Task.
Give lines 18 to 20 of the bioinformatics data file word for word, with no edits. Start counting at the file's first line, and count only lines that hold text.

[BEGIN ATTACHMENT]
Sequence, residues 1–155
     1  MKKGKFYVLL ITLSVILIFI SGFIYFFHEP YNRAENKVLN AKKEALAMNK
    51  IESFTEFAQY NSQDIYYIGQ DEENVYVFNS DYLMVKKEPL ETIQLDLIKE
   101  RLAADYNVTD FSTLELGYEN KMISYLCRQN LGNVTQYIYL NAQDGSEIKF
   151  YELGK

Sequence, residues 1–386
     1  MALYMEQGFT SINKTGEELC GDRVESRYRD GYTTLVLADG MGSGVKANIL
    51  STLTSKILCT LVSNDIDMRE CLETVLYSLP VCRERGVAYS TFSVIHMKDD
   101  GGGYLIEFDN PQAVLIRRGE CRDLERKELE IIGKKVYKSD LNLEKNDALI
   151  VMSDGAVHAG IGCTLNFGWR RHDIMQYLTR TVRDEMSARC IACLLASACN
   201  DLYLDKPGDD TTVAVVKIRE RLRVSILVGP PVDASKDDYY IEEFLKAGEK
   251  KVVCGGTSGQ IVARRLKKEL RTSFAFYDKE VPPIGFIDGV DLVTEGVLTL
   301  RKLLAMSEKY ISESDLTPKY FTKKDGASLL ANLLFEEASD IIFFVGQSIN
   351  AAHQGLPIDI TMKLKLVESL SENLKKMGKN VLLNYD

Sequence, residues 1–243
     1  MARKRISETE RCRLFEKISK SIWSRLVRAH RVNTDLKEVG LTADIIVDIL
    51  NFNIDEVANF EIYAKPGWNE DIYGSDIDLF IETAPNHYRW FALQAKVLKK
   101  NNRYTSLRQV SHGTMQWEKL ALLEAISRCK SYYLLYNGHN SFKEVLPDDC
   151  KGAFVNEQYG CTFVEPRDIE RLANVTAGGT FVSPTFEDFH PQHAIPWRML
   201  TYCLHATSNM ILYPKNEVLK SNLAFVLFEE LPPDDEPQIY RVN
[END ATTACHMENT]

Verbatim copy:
   101  NNRYTSLRQV SHGTMQWEKL ALLEAISRCK SYYLLYNGHN SFKEVLPDDC
   151  KGAFVNEQYG CTFVEPRDIE RLANVTAGGT FVSPTFEDFH PQHAIPWRML
   201  TYCLHATSNM ILYPKNEVLK SNLAFVLFEE LPPDDEPQIY RVN